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Thread: Possible Hip Dysplasia

  1. #1
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    Default Possible Hip Dysplasia

    Hey all, I'm so scared that Dexter has hip problems. He has shown no signs of lameness, but I heard his hip clicking as I was walking him the other night. I have kept an ear out and I hear it every now and again, either when walking or playing.

    I am taking him to the vets but was wondering what I could do in the meantime as I know there is not much treatment out there unless it is for pain management. He has no pain as he doesnt even alude to the fact that his hip is making a noise. Although I've noticed recently when he walks his back makes an s shape, so his rear moves side to side a lot more. I dont know whether I'm just being a hypochondriac. We've kept Dex at the ultimate weight, excercised him very little at a young age and have only moved up to 30min walks now (he's never been enthusiastic after 30min)

    Not quite sure of his family history. We were looking endlessly for a bull mastiff but never heard back from breeders. We finally found one but when we contacted and met the people found they werent registered breeders and found the parents and the pup living in a cage outside. The 'father' was supposedly a stud and the 'mother' fell pregnant accidently. We felt for the little guy so much and took him straight away. I couldnt bare to leave him. He was 4 months old and he grew so quickly. Could you imagine 3 large breeds in a little cage!

    Anyway he really did grow quickly, we maintained his food and his excercise but I'm worried that regardless he might have some issues now! Help. Can I give him anything that will slow it down if, after we see the vet and possibly get x-rays, he does have Hip Dysplasia.

  2. #2
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    I've not heard of clicking associated with hip problems, but certainly the swaying S shape is concerning as it is one indicator of HD. However you will probably not know for sure until he is about 2+ when xrays can be taken when he's fully mature.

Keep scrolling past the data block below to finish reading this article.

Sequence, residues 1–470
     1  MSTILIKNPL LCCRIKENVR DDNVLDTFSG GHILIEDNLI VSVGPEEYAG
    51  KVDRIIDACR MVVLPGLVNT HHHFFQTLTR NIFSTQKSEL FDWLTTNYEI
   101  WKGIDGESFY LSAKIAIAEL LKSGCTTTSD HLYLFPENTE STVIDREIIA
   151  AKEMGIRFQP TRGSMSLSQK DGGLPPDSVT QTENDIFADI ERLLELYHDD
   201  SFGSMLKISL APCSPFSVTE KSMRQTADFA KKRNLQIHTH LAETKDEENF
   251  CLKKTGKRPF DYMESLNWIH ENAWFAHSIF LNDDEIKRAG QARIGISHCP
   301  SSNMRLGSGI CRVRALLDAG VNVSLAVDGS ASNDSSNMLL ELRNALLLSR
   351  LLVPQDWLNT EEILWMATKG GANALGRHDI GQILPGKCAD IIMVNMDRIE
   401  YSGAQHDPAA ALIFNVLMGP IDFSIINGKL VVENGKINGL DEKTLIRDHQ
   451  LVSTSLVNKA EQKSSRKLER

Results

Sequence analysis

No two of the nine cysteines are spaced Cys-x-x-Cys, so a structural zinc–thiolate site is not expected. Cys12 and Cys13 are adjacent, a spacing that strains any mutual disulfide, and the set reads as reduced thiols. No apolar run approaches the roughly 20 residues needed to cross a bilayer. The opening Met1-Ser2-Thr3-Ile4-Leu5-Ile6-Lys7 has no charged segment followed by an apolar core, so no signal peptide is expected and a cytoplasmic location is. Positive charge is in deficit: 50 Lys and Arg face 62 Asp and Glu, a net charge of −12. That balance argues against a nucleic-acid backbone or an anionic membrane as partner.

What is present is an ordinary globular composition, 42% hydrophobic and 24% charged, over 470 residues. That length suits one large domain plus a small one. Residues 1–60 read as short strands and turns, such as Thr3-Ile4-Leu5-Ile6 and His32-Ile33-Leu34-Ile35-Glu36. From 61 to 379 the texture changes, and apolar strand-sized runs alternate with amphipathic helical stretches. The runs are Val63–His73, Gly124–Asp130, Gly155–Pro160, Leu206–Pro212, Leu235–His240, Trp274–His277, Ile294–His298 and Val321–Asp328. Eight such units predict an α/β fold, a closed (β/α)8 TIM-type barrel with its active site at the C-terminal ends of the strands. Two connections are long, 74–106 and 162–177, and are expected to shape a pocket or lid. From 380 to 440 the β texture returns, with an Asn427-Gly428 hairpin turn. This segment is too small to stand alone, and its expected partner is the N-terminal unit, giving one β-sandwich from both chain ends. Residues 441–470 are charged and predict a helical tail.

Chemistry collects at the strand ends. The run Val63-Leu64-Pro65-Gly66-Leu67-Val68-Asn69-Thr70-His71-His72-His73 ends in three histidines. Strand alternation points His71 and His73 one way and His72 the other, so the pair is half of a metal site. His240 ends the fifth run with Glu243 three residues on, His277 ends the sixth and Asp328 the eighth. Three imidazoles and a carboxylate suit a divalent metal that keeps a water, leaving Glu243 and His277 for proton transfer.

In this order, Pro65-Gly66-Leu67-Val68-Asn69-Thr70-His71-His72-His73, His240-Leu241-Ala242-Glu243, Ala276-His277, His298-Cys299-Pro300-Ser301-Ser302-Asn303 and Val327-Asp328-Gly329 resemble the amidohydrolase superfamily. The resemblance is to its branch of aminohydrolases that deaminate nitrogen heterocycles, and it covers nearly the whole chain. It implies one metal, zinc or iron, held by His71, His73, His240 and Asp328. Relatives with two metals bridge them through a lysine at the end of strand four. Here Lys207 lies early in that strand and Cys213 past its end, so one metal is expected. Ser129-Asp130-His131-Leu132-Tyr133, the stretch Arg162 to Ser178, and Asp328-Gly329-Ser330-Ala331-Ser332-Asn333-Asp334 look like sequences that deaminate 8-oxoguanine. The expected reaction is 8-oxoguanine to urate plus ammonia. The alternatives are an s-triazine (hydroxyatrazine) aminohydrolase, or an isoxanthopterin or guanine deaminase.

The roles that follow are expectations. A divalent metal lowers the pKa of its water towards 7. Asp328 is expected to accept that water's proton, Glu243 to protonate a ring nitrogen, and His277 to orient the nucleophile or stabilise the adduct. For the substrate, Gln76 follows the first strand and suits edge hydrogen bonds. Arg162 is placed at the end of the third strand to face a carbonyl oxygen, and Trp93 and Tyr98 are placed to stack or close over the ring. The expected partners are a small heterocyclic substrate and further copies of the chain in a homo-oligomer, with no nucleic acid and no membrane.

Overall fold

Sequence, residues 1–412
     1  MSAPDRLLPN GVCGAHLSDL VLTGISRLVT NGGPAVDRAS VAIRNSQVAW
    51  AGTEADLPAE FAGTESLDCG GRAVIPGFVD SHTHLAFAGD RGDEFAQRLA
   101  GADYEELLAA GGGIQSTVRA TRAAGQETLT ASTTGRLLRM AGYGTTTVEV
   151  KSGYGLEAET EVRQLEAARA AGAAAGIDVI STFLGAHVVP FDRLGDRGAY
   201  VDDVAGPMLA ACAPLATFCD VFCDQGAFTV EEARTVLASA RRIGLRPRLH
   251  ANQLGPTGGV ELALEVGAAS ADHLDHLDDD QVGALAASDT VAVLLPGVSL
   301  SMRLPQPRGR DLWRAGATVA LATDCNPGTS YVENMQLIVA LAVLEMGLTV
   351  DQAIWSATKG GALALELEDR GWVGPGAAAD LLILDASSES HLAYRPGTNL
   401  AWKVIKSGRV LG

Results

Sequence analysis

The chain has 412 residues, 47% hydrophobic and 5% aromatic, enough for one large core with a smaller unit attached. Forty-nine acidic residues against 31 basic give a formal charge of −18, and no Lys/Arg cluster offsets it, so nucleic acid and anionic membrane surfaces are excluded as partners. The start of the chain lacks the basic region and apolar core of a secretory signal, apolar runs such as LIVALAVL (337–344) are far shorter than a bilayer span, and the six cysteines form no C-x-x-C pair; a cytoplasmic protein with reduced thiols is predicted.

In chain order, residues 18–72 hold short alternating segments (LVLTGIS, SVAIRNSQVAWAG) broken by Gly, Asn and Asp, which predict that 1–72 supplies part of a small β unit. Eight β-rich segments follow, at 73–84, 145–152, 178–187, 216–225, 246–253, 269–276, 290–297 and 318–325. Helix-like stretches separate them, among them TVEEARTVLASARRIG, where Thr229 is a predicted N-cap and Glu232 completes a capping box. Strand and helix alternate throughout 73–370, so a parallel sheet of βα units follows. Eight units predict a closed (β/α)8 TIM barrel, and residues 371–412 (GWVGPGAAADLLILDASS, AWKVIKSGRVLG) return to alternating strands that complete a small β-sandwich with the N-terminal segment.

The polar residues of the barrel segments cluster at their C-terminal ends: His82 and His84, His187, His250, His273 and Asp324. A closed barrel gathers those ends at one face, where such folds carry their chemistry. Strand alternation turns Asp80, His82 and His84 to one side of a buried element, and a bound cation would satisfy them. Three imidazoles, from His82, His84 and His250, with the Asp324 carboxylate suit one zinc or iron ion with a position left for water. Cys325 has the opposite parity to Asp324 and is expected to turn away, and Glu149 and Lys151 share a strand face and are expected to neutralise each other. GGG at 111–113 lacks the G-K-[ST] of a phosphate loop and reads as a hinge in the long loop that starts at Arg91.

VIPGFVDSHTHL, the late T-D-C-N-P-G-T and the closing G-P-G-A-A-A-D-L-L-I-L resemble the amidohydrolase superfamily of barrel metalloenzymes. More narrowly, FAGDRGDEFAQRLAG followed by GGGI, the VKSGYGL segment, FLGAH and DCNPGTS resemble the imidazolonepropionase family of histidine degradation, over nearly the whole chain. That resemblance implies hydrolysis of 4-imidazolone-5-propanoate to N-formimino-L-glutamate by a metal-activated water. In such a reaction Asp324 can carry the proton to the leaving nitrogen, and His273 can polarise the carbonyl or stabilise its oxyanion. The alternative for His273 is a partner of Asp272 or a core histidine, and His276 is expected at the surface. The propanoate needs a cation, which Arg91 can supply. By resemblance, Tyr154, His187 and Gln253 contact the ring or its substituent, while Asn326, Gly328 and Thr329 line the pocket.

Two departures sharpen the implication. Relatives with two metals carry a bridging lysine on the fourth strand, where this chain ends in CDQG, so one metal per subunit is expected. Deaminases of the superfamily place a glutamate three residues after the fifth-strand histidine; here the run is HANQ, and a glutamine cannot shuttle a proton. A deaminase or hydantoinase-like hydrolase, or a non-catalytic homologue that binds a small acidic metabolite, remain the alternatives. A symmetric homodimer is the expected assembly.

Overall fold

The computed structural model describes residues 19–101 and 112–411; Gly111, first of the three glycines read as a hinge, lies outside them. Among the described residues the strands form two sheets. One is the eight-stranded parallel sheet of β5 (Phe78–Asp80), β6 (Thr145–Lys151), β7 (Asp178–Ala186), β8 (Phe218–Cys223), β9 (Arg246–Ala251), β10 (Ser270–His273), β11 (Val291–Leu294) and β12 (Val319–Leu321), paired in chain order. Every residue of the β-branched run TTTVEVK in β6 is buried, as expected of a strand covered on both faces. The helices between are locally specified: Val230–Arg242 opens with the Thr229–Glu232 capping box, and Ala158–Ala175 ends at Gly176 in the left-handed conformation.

As to the growing fast, this needs to be slowed down, particularly if you are worried about his hips. If you are feeding a biscuit diet watch the protein levels - not too high, if you are combining this with raw muscle meat then certainly lower the protein level of biscuit/kibble provided.

    If you are worried your best bet is to see the vet so that you know exactly what you are dealing with and to have him put on the correct diet if he has any problems. Lots of the biscuits for large breeds contain too much protein, puppy food contains lots of protein too and all of this can attribute to rapid growth.

    This is just my advice from what you've told me and from my own experience only your vet can confirm or deny anything.

  3. #3
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    My knees creak when I move. Especially doing squats or lunges.

    There's two kinds of creaking or cracking...

    when you crack your knuckles - the theory is it has to do with a release of gas and it's percussive (goes crack/bang).

    When your knees (or hip joints) crack or creak - it could be the gas thing. It can also be variations of bone on bone grinding ie the cartilage has gone to hell (my knees).

    To check for hip displasia in a dog - he needs to get xray'd under general anaesthetic - so it's a good thing to schedule when he needs a GA for something else eg desexing, teeth cleaning etc. Might also help to get a specialist joint vet to do the xrays but your vet can advise on that.

    You can do insanely expensive surgery on the dog - hip replacements now etc. Some vets inject stem cells into their dog's joints and report improvements. Ie the sky's the limit as far as spending goes on fixing this so make sure you get the vet to discuss all options s/he knows about and then discuss which ones cost what and the chances of a helpful outcome with each.

    The main non-invasive thing you can do is keep him lean and light. And maybe do joint health supplements - though the jury is still out on what's best as far as that goes. Usually plenty of calcium (bones, millk, yogurt). If you decide to feed fish oil - supplement with vitamin E - cos the fish oil depletes it. And do lots of gentle exercise ie long walks on the beach and in the water vs running after a ball over hills and valleys and doing tight turns and hard stops retrieving.
    Last edited by Hyacinth; 09-24-2012 at 01:40 PM. Reason: creek <> creak

  4. #4
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    some giant breed dogs are a bit wiggly in the back end. Lack of muscle tone can be a problem then jumping straight into HD thoughts.

  5. #5
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    Oh thanks guys, made me feel better.

    The Vet didnt think it was so bad to X-Ray but asked that I keep an eye and ear out. Everything else is good so far, and weight is good so he said just keep it at that and slow excercise as you say Hyacinth. Thanks Nekbet, it may just be muscle, as he's still a baby and just started doing more walking I dont think muscle tone has strengthened much in his back. I cant help it, like any mother, I freak when I suspect something and think of the worst. Lucky for me we have pet insurance so I guess I dont have to worry too much about cost as HD is covered. I'd go to the moon and back for my Fur bub. I've had a large dog before buut gees Dexter had grown very fast.